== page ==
Re: Toroid Design .
On Sat, 2 Jan 1999, Tesla List wrote:
> Original Poster: "John H. Couture" <COUTUREJH-at-worldnet.att-dot-net>
> Ed -
> In your description "that as the belt moves up etc" cannot be possible
> because there is no charge on the inside of the terminal to repel the charge
> on the belt. No charge inside the terminal is the electrical magic that
> surprised Faraday. If the belt was on the outside of the terminal the
> charges would repel as you stated but that is not what happens.
> You say that the "belt backed away". That could indicate a possible
> repelling effect but not necessarily an increasing repelling effect with an
> increasing terminal voltage.
> It is obvious the work to get the charge on the VDG terminal must come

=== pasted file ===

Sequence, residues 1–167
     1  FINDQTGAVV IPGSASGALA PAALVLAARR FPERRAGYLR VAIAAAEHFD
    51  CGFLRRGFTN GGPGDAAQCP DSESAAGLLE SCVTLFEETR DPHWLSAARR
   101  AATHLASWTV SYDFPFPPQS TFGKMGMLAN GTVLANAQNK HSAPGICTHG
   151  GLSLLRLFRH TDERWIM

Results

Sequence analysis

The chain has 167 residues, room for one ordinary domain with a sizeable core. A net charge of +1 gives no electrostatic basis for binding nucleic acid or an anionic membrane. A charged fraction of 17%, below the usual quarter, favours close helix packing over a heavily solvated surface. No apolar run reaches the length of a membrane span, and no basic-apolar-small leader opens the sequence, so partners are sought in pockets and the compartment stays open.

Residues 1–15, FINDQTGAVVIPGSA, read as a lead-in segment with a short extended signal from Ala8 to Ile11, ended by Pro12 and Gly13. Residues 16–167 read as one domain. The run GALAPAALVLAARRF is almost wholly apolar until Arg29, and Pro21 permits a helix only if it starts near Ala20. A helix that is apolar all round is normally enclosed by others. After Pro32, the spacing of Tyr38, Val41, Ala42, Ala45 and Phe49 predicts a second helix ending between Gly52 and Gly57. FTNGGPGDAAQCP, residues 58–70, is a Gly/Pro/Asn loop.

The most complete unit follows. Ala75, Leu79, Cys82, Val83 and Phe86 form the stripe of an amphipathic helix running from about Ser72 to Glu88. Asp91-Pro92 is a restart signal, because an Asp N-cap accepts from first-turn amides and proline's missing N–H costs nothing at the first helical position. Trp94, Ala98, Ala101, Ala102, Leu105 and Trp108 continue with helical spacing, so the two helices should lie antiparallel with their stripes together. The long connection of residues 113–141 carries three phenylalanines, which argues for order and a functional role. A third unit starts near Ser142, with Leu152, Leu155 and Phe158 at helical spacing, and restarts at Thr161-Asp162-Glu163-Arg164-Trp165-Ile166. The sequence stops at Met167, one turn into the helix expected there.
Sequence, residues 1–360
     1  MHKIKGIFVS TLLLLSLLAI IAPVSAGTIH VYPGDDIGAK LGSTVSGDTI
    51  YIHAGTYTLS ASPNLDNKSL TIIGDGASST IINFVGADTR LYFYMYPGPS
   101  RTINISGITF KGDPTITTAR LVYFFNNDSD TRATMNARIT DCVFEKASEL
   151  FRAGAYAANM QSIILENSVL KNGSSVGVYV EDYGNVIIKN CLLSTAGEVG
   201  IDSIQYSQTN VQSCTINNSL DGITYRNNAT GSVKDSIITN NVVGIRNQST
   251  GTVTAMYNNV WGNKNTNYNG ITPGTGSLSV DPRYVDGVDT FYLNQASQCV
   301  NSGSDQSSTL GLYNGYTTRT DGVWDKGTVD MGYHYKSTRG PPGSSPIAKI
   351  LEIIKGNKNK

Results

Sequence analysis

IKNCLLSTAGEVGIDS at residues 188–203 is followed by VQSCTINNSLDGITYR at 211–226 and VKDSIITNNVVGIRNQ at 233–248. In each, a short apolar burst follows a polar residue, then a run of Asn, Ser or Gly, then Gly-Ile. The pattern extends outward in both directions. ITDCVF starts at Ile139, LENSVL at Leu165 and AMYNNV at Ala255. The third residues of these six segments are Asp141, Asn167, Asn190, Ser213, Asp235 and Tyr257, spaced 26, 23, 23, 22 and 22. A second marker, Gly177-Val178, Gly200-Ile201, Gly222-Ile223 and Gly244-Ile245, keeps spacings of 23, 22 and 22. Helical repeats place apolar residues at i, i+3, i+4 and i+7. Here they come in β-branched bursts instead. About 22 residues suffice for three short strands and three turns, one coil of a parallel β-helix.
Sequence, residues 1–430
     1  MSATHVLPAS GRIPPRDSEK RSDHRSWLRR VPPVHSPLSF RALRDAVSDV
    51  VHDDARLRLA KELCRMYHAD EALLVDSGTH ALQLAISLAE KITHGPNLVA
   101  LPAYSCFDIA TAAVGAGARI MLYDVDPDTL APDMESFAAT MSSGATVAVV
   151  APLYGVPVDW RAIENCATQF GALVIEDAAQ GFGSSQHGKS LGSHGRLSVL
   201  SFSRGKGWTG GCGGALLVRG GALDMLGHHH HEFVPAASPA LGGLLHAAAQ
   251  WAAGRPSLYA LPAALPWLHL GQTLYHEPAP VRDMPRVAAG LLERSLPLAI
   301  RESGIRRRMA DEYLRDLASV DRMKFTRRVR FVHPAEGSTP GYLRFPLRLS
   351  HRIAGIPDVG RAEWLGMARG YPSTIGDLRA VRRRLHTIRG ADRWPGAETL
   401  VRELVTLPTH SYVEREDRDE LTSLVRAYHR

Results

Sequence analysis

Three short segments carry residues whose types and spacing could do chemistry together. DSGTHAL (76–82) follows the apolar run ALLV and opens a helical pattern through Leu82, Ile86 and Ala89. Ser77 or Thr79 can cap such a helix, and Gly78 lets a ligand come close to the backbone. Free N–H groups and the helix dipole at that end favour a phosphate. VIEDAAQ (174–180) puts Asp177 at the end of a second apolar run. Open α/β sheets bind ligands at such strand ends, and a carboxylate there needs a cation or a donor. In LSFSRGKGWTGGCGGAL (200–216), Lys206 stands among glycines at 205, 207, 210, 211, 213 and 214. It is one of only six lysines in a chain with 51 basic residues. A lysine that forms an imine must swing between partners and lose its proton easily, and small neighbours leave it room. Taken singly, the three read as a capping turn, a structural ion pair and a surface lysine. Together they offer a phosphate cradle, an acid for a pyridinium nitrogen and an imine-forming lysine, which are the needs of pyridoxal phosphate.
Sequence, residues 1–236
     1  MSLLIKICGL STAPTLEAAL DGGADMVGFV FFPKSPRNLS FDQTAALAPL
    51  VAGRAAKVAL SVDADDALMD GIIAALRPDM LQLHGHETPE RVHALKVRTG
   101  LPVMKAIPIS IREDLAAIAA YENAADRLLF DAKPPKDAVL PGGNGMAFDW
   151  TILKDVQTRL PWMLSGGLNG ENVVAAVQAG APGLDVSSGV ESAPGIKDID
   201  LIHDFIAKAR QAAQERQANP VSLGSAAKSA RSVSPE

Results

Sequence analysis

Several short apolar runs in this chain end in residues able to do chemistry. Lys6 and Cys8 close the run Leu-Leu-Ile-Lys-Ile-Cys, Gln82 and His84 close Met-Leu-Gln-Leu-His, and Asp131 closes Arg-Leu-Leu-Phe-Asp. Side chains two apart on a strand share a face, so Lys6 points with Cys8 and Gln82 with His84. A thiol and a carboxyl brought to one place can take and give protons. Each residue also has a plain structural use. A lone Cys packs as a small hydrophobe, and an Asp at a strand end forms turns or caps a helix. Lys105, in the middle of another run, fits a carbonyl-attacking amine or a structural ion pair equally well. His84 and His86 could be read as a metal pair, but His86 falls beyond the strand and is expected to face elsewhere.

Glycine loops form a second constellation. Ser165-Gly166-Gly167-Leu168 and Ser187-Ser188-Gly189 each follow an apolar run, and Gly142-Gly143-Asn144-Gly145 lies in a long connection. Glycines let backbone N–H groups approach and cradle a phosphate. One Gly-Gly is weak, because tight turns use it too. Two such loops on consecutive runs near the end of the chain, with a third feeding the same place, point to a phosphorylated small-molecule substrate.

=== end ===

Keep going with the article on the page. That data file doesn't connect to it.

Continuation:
> from somewhere. This work appears to be in the form of belt friction
> creating electrical charges or from a separate power supply. The electrical
> friction would be a load on the belt motor but would be a very small part of
> the total motor load. This electrical friction load would be a constant so
> would not slow up the motor as the voltage on the terminal increases. If
> there is a separate power supply there would be no electrical friction load
> on the belt motor. The work to charge the terminal would come from the power
I might be missing something, but...
If the belt were completely contained within a conducting cylinder that
was electrically connected to the top terminal, then what you say would
be true. But in the VDG generators I've seen, the top of the VDG is
seperated from the base by an insulating column (with or without the
equalizing rings), so the top terminal is at a high voltage relative to
the base of the VDG and work is necessary to transport the charge carried
by the belt against the voltage gradient. By the basic definition of
voltage, the higher the voltage, the more work is necessary to move the